Quality: Hospital Guideline Adherence and Dosing Safety Among ACS Patients | Journal Scan
Are quality and safety performance metrics (as assessed by the appropriate dosing of intravenous heparin or low molecular weight heparin or glycoprotein IIb/IIIa inhibitors), individually and in combination, associated with in-hospital patient outcomes among non–ST-elevation acute coronary (NSTE-ACS) patients?
This was an analysis of data from the large national quality improvement initiative, CRUSADE (Can Rapid Risk Stratification of Unstable Angina Patients Suppress Adverse Outcomes With Early Implementation of the American College of Cardiology/American Heart Association [ACC/AHA] Guidelines). Patients included in CRUSADE had ischemic symptoms at rest within 24 hours prior to presentation and high-risk features that included ST-segment depression, transient ST-segment elevation, and/or positive cardiac biomarkers. The authors evaluated the use of ACC/AHA 2002 Class I guideline-recommended therapies. Hospital safety performance was assessed with appropriate dosing of intravenous heparin or low molecular weight heparin or glycoprotein IIb/IIIa inhibitors. Hospitals were grouped into four performance quadrants based on guideline adherence rates and antithrombotic dosing safety profile.
Among participating patients, the overall composite median adherence rate for recommended therapies was 85%; the median hospital safe drug-dosing rate was 53%. Correlation between hospital composite adherence and safety metrics was low (r = 0.16, p = 0.008). For every 10% increase in appropriate dosing at a given center, in-hospital mortality odds ratio fell by a corresponding 18% (odds ratio [OR], 0.82; 95% confidence interval [CI], 0.73-0.93). In adjusted analyses, this relationship was attenuated, but persisted. The lowest unadjusted in-hospital mortality was observed in the high adherence and high safety group.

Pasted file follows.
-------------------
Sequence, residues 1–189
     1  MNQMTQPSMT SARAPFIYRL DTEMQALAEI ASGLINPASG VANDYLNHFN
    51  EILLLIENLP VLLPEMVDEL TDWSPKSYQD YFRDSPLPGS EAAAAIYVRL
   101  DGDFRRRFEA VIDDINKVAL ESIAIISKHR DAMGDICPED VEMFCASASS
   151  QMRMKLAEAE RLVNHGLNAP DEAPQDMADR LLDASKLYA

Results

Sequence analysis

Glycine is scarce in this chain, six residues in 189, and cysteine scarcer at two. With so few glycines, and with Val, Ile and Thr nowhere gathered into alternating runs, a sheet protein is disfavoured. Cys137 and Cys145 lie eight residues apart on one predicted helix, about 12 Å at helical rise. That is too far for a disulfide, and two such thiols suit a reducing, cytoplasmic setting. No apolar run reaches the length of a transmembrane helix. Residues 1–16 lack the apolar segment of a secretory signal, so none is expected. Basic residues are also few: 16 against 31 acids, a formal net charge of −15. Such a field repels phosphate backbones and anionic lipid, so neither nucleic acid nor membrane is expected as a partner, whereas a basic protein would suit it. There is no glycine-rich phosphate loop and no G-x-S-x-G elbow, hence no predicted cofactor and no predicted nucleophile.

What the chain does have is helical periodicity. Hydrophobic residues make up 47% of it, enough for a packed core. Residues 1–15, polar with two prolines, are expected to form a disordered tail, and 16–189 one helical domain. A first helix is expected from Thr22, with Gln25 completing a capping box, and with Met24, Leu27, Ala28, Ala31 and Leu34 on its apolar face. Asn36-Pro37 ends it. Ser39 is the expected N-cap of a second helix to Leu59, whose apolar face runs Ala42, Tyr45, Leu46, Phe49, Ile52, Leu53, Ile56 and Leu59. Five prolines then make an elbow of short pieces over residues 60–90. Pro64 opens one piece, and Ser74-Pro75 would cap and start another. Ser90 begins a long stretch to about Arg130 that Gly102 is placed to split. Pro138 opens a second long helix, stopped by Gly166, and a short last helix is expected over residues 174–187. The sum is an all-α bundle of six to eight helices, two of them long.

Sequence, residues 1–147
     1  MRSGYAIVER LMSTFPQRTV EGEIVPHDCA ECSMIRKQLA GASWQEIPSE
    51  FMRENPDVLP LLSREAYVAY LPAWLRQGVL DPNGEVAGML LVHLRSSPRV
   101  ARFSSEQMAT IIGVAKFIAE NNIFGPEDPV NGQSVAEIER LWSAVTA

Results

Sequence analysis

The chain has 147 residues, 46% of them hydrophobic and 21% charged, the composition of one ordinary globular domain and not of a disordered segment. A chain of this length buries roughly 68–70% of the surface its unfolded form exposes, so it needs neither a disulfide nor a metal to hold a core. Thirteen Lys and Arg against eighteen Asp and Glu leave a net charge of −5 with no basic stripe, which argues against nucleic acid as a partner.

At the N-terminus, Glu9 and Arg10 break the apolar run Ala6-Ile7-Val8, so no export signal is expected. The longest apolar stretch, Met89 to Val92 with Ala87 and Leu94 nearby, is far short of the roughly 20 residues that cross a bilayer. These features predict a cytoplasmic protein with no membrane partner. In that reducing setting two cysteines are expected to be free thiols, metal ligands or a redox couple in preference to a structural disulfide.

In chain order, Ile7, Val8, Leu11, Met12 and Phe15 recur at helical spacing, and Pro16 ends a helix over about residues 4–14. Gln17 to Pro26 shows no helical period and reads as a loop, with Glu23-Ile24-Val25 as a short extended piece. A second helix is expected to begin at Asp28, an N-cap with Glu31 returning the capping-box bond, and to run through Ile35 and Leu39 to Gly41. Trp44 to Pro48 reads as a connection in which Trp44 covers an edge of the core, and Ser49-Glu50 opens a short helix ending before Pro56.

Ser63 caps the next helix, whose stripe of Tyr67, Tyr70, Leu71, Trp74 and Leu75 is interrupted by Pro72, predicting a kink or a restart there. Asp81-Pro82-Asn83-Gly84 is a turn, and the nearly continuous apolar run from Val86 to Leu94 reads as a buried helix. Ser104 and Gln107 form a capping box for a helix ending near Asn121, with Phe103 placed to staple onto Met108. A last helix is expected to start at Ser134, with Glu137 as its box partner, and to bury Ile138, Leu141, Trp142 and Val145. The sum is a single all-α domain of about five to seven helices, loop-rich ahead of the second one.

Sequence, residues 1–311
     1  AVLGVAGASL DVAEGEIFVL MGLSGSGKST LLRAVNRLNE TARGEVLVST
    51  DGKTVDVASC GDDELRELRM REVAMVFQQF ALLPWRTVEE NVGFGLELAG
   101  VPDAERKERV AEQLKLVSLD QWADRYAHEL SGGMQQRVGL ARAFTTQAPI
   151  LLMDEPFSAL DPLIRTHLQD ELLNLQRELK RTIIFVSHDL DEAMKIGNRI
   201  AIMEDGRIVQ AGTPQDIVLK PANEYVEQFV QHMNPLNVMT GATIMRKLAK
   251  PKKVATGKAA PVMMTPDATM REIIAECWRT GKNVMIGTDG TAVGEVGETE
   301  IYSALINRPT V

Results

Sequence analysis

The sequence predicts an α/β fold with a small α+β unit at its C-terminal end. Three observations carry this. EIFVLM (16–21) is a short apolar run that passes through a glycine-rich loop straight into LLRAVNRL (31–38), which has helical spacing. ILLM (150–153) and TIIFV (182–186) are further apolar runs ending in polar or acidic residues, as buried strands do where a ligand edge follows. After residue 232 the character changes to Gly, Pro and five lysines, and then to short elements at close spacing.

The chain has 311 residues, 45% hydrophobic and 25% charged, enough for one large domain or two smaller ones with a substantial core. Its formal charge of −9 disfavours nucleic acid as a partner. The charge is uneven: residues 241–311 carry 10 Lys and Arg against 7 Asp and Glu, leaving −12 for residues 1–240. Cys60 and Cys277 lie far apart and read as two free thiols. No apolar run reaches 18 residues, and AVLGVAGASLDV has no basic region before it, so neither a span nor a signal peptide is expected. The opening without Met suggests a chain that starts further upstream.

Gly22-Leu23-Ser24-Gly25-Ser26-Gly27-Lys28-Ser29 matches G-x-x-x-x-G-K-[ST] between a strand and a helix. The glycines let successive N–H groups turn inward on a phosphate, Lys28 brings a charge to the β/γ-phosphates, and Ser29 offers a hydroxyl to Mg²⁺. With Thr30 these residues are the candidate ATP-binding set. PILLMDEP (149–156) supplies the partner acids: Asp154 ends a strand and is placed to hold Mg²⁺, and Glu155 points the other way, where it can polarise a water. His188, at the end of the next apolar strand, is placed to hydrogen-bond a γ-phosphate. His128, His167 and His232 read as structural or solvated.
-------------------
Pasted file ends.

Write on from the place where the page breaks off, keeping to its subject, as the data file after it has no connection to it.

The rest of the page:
The authors concluded that antithrombotic dosing safety provided information on mortality that was complementary to that provided by guideline adherence.
This is an interesting study that draws attention to the need to focus on guideline adherence and dosing safety when considering performance and quality improvement initiatives. The best outcomes were seen in hospitals that excelled at both safety and guideline adherence. While limited by a less than contemporary analysis, the authors provided a case for broader metrics of quality that include both compliance with guideline-based care and hospital safety.
Keywords: Acute Coronary Syndrome, Angina, Unstable, Guideline Adherence, Heparin, Heparin, Low-Molecular-Weight, Platelet Glycoprotein GPIIb-IIIa Complex, Quality Improvement, Risk, Hospital Mortality, Safety, Outcome Assessment (Health Care)
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